Escalating up the phone tree

The logical next step from here is of course an actual bullet-shooting gun that looks like a cell phone, and, if that sounds like your speed, there might be an option for you sometime soon: Ideal Conceal aims to deliver a full-fledged pistol that looks remarkably like an iPhone ... someday. An initial wave of coverage last year promised a mid-2016 release; the company's website has now pushed that off to the first quarter of 2017. And the company's Facebook page consists at the moment mostly of pro-gun-rights memes, but a comment promises that final tests are underway.

IT equipment you can take into battle

Little things that go zap

Tiny USB sticks are omnipresent, seemingly innocuous ... and deadly? Well, deadly to machinery, anyway. USB by its nature requires electric power to work, and that gave a Russian researcher the idea of creating a pen drive chock full of capacitors that could blast voltage into anything you plug it into. That gave rise to some alarmist coverage about its possible abilities to blow up computers, but in truth it seems the only real damage it can do is to your data. (Is there video? Oh, why not, of course there's video.)

 

IT equipment you can take into battle
Karen (Creative Commons BY or BY-SA)

Slightly bigger things that go boom

OK, if a little thing like a USB stick can't do real damage, how about a larger storage medium—an external hard drive, say? Well, if you believe reports circulated in 2012, notorious al-Qaeda bombing engineer Ibrahim al-Asiri was developing a variety of explosive delivery systems, including "external hard drives that would explode when plugged into a laptop computer." While such a concept is theoretically feasible, and al-Asiri was behind a number of unconventional bomb designs, like 2009's fizzled underwear bombing attempt, none of the U.S. government's extravagant claims about his handiwork, which included not only the hard drive bomb but exploding pets, has ever been seen in the real world.

IT equipment you can take into battle
Jo Naylor (Creative Commons BY or BY-SA)

Don't try this at home

Having gotten you all excited with the idea that your humble IT equipment could become a combat weapon, we must now dump a healthy amount of cold water on all of the concepts outlined here. A security-aware correspondent who asked to remain anonymous gave us the following take when we asked him about the bulletproof laptop bag: "If someone is shooting at you, you simply don't have time to deploy anything. Plus, Kevlar is hot, bulky, and uncomfortable, and is going to attract attention. The good guys are going to think you're a bad guy (because you aren't one of them, so why are you wearing a bulletproof vest?), the bad guys are going to think you're a good guy (because you're wearing a bulletproof vest), and now you're a target for both sides."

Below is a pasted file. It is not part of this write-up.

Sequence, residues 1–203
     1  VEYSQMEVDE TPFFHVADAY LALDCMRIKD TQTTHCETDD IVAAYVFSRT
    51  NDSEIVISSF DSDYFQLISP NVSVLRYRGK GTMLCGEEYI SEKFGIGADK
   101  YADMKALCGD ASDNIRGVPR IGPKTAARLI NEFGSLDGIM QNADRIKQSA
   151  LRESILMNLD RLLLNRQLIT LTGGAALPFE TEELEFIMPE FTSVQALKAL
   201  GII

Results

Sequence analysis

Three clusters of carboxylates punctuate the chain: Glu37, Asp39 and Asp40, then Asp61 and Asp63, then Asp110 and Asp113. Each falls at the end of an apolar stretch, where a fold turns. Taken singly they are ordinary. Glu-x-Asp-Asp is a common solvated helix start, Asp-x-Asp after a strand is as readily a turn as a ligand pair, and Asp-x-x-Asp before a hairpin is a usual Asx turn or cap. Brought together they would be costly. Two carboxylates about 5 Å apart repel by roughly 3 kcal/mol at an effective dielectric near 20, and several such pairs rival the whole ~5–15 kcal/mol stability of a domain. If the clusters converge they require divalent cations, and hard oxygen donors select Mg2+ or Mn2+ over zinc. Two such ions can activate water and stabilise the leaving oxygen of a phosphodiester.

10 holstered
Michael Provines (Creative Commons BY or BY-SA)

Keep it holstered

And if the bullets do start to fly, his advice is to think long and hard before you pull that vaporware cell phone gun out of your pocket. "The best protections are anonymity (don't call attention to yourself), situational awareness (look around for signs of developing trouble), and avoidance (stay out of or minimize the time you are in locations and situations that might be dangerous)," he says. "If you carry a firearm, be absolutely sure you are well trained in how to use it, in practice, and have the NRA's insurance policy coverage in force. Unless you know what you're doing, pulling your weapon and blazing away will make things much worse in a huge hurry."